However, this was done not in isolation but in combination with creativity that comes from performing arts. This concept is not alien to Sri Lanka. According to Chulavansa, King Parakramabahu, the First, who ruled Lanka during 1153-86 CE from Polonnaruwa made it compulsory for prospective king’s servants to learn ‘sciences dealing with elephants and horses, fencing, foreign languages, dancing and singing’.
Thus, in the learning modules, science was combined with creative art. In modern learning, science, technology, engineering and mathematics, abbreviated as STEM, has been highlighted as the goal of learning. As I have argued elsewhere, this should be supplemented by adding Arts, making it not just STEM, but STEAM.
A masterful creative work called Sandesavali Kavinaluwa
Sandesavali Kavinaluwa is a masterful creative work combining music, dancing, singing and performance into a single dramatic event. It is a teamwork that has drawn the talents of many artistes specialised in music, dancing or singing within the university. Yet, its creator, Hansamala Ritigahapola, deserves special credit for doing the impossible. She had directed hundreds of raw USJ students who are not professional artistes to give the best of their performance on stage.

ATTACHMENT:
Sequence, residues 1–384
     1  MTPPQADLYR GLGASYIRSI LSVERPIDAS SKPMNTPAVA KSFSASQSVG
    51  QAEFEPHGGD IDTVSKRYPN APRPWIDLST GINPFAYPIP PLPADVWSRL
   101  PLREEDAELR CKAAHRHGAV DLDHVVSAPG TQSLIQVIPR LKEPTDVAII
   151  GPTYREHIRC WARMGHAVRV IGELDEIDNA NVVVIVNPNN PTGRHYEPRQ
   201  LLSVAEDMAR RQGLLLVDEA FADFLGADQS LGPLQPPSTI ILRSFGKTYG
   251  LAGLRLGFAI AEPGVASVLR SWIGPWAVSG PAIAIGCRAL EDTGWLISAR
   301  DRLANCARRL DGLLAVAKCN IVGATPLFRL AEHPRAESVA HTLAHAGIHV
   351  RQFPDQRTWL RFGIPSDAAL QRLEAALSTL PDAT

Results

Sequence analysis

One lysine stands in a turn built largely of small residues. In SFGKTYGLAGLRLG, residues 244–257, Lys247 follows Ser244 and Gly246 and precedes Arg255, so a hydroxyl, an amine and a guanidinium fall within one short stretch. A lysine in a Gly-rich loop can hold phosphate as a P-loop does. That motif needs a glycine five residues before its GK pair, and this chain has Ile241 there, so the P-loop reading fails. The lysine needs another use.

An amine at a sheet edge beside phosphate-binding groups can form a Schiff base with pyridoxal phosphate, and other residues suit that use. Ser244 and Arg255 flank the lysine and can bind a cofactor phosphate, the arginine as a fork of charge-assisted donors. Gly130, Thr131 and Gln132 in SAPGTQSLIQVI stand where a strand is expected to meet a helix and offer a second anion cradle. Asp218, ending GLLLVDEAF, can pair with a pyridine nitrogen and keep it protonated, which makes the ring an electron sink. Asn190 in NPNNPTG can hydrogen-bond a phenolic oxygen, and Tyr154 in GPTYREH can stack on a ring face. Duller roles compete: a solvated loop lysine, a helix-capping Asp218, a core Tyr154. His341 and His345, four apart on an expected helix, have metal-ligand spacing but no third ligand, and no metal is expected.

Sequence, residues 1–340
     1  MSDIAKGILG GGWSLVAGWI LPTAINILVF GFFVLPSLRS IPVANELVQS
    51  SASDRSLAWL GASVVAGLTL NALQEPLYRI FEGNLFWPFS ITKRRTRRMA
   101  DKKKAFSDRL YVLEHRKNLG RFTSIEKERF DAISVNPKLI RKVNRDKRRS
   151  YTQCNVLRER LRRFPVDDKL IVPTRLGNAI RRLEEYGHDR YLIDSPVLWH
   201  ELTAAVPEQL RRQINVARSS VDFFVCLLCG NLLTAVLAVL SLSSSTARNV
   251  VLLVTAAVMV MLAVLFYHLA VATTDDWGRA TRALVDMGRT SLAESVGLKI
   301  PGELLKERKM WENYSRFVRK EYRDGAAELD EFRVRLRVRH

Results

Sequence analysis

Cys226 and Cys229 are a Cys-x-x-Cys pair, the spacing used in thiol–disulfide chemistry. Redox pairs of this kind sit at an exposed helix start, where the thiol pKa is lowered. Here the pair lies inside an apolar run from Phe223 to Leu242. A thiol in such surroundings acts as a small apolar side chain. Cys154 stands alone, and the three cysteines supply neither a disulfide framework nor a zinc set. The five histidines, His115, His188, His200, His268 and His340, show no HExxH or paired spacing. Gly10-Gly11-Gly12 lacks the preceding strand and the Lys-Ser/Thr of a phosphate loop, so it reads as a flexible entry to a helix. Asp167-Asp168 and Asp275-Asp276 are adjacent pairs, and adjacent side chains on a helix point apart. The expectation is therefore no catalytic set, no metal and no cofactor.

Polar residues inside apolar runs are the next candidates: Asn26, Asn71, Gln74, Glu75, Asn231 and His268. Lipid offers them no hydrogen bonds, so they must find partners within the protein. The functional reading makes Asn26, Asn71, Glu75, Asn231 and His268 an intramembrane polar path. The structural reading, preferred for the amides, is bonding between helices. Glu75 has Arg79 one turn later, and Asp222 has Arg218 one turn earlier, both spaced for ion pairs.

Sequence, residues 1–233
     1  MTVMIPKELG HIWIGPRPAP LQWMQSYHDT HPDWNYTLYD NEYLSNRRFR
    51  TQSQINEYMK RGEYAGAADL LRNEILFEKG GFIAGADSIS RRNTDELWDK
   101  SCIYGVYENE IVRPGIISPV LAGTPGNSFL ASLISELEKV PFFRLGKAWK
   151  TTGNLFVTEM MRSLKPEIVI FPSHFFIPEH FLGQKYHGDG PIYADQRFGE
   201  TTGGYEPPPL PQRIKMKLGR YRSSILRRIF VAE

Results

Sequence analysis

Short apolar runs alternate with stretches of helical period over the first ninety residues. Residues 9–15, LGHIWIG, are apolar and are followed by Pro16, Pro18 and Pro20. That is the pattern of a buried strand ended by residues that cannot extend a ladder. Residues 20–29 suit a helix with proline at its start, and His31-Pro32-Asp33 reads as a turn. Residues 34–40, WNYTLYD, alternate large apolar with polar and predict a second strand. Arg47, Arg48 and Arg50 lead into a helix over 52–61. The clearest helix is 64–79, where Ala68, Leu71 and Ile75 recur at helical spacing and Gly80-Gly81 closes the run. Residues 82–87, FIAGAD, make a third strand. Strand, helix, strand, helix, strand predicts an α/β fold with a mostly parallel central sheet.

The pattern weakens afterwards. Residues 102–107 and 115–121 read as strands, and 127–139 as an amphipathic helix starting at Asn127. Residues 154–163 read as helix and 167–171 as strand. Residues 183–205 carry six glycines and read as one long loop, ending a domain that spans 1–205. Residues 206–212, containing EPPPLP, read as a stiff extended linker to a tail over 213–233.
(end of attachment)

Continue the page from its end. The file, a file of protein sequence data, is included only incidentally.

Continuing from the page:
The facial expressions made by these young performers while moving their lithe and supple bodies rhythmically to the background music and sounds of drums could have been done only by trained professionals. The busy commercial streets and the grandeur of the palace in Jayewardenepura-Kotte in the 15th century had been created on stage.
The colourful dresses of the stage performers, whether they are messenger-birds, ordinary citizens or members of royalty, have been a testimony to the artistic taste of those who had created the drama. Music, especially the use of ancient Sri Lankan drums, had been in tune with the melodious recitation of the select verses from the Sandesas involved. The lighting of the stage to focus the appropriate act had been done skilfully.
This was in essence a human creation; not even God Upulvan would have been able to do it.
Kavinaluwa is a human creation and not a divine one